Wedding: Determining Your Guest List

Here are some simple rules and techniques to follow when determining your own guest list for your wedding.

When you and your partner sit down to finally discuss the budget for your upcoming nuptials, you may be amazed at how much a wedding can cost. Once you add up the photographer, caterer, florist and venue bills, you will start to wonder how anybody can afford to get married without getting into some form of debt. If your parents are footing the bill, unless they own a series of hotel chains, you will probably want to keep the budget realistic. The largest expenses you will accrue will be your catering and the rental of the venue. Both of these expenses will depend solely on how many guests will be attending, so one of the first things you and your partner will want to do, to determine the size of your wedding, is to create a solid guest list.

Take a good long look at your budget. Are you thinking more along the lines of a $5,000 wedding or a $15,000 wedding? Your budget is directly proportional to the number of guests you will be inviting. Caterers usually charge per head, so once you have roughly decided on who will be providing the food for your wedding, you can get an idea of how much you can spend. If the caterer charges $15 per head and you are looking towards a $5,000 wedding, you may want to limit your guests to 50 or 75, so that you can still have money left over for other wedding essentials. Determine how much you want to spend and then give yourselves a solid number of guests to work with, based on that figure.

Once you have that solid number to work with, each one of you should take a notepad and jot down the names of all the people you absolutely MUST invite, including immediate family members and close friends. This list should be pretty firm. Do not include anybody in these lists that you are still iffy about inviting, like distant relatives and co-workers. On the other side of the list, each of you should write a list of people you do not want to be invited. For example, if your future wife wants to invite her ex-boyfriend and that makes you uncomfortable, be sure to note that on your notepad, so she understands your wishes.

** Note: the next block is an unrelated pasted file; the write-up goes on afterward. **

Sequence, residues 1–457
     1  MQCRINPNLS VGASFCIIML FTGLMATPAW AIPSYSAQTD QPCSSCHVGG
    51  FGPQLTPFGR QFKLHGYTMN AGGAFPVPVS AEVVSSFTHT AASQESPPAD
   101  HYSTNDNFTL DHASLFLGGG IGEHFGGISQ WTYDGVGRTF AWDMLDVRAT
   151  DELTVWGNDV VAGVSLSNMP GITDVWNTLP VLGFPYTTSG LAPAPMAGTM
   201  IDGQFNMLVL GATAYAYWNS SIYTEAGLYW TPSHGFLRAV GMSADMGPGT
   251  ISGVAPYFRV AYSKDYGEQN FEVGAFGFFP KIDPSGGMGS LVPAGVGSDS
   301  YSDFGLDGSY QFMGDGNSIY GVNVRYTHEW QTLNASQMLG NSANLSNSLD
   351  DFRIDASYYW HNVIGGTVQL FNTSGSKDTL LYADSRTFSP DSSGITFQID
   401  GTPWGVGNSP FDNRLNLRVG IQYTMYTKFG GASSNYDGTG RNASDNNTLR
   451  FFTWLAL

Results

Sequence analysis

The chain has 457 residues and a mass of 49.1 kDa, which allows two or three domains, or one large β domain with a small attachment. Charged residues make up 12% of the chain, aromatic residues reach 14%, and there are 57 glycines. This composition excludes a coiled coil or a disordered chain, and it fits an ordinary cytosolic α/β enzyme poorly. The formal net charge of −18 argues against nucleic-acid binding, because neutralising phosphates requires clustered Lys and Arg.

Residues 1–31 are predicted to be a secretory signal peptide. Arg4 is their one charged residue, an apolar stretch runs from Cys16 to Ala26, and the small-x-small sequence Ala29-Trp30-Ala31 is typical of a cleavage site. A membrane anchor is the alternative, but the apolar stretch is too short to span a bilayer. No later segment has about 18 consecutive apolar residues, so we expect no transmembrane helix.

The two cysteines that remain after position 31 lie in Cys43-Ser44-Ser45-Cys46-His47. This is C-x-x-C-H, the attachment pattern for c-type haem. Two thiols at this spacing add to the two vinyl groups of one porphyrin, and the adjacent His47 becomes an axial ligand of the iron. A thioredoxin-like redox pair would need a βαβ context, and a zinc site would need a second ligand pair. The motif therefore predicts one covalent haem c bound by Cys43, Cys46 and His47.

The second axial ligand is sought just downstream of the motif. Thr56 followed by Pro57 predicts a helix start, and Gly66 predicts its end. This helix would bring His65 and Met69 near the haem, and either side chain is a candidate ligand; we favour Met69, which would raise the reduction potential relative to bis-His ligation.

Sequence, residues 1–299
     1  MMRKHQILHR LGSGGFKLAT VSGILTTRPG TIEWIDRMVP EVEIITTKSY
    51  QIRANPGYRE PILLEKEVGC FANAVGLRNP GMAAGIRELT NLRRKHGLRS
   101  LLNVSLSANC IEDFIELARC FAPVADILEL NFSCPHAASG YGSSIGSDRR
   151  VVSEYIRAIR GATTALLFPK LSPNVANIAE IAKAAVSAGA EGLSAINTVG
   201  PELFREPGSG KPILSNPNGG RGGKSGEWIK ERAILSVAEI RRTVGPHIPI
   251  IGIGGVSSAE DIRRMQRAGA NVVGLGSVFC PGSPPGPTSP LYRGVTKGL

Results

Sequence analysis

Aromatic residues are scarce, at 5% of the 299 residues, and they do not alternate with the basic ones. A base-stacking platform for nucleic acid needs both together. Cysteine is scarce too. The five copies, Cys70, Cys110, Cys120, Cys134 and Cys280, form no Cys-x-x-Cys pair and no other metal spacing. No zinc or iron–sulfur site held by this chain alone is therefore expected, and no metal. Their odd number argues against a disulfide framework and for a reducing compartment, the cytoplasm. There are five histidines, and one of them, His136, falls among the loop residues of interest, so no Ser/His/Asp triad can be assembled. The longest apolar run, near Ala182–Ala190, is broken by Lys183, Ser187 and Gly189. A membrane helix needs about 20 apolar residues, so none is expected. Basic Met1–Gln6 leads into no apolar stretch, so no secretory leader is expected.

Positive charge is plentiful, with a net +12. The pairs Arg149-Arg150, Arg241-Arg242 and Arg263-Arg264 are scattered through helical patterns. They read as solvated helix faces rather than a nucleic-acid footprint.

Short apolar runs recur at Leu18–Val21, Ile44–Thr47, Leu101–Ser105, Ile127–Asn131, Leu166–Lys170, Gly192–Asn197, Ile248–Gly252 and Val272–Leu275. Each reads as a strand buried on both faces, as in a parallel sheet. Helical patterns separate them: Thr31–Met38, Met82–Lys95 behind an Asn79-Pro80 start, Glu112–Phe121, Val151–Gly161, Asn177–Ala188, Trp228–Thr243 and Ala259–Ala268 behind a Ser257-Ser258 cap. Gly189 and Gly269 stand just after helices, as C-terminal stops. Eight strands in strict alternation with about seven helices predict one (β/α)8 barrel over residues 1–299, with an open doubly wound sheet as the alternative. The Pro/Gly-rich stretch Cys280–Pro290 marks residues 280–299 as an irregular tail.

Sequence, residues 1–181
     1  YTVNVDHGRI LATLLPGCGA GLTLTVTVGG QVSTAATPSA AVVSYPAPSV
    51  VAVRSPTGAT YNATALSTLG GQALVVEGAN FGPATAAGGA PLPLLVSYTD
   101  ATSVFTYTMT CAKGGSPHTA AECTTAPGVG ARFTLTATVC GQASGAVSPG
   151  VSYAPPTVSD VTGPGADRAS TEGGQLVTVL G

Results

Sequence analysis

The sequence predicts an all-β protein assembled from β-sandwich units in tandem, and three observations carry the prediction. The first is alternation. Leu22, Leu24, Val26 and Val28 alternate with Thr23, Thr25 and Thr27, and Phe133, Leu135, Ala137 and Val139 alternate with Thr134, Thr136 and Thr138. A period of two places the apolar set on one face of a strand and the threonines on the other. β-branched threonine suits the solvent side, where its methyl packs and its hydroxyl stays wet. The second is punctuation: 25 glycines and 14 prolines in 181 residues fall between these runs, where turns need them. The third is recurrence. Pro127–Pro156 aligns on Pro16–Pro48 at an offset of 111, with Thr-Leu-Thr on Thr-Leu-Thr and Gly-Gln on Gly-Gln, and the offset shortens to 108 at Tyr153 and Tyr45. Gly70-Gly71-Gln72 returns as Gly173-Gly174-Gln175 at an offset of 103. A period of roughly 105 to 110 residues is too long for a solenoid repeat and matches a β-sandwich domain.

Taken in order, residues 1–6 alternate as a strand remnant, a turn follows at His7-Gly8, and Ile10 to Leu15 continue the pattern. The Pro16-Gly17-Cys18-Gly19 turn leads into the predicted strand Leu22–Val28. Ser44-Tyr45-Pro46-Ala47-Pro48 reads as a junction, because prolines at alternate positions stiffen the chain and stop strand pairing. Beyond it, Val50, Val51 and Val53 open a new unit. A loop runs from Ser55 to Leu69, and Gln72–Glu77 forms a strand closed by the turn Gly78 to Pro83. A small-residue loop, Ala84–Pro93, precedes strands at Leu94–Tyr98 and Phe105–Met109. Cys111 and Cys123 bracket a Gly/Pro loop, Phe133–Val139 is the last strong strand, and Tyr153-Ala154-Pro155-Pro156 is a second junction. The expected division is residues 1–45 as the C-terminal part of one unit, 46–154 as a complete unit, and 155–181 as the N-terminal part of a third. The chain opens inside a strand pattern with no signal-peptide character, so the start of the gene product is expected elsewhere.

If you have already reached your guest maximum with this list, you will probably need to stop right there and not proceed with this next step. If you have not yet reached your guest maximum, write down a list of people you would like to invite. This could include co-workers, old high school buddies or sorority sisters from college. More than likely, this will take your guest list over the edge.

By this point, you probably have already exceeded your guest list maximum that you have established. Now is the time to shave the list down. One easy way to shave the list is to eliminate any extra "guests" that your own guests might invite. In other words, when addressing the invitation, be sure to address it only with your friend's or relative's name. Do not include the "+ guest" option. Depending on the type of wedding you are having, you may want to eliminate children under ten or fifteen from the list. This will cut down your guest list tremendously, especially if you both have large families. If your guest list is still teetering over the edge, go through your list of "possible" guests and do the five year test. If you have not seen or spoken to them in over five years, drop them from the list. You may also eliminate colleagues or co-workers, especially if you are getting into a situation where you are only wanting to invite a few colleagues and not everybody from your office.

If you are still having trouble eliminating guests, and are over your maximum guest allowance by a little bit, go ahead and invite everybody. No doubt, you will have some friends or relatives who will not be able to make the wedding, which will keep your guest list at the level you originally wanted.

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